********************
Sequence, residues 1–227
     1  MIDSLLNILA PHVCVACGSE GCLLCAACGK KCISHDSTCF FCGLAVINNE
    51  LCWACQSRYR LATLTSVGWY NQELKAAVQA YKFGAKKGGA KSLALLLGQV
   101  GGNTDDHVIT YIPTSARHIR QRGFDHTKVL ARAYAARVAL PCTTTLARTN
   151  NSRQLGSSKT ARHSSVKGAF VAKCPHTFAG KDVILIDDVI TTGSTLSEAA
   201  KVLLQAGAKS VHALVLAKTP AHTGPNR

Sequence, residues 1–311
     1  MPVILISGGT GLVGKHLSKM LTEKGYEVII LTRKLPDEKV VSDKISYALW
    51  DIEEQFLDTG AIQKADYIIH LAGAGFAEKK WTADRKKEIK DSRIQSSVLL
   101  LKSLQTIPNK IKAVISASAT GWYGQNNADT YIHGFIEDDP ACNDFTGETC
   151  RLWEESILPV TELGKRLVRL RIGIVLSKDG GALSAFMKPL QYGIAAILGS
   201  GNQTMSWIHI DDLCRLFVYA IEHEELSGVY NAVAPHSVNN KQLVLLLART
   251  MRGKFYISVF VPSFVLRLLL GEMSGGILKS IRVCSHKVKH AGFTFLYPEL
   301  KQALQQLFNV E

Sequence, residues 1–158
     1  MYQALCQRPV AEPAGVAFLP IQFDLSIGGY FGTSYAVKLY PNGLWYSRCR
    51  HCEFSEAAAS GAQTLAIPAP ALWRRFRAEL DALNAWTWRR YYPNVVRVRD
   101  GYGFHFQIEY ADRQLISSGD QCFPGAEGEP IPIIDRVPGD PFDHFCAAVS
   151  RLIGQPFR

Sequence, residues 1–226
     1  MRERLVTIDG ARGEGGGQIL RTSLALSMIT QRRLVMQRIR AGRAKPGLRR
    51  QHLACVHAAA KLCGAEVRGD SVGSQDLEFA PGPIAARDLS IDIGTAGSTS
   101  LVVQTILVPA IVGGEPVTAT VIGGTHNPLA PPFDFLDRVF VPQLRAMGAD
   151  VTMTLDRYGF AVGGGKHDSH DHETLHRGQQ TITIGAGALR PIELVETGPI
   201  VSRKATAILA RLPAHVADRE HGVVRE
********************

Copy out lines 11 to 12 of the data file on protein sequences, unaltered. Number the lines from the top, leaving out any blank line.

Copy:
   151  RLWEESILPV TELGKRLVRL RIGIVLSKDG GALSAFMKPL QYGIAAILGS
   201  GNQTMSWIHI DDLCRLFVYA IEHEELSGVY NAVAPHSVNN KQLVLLLART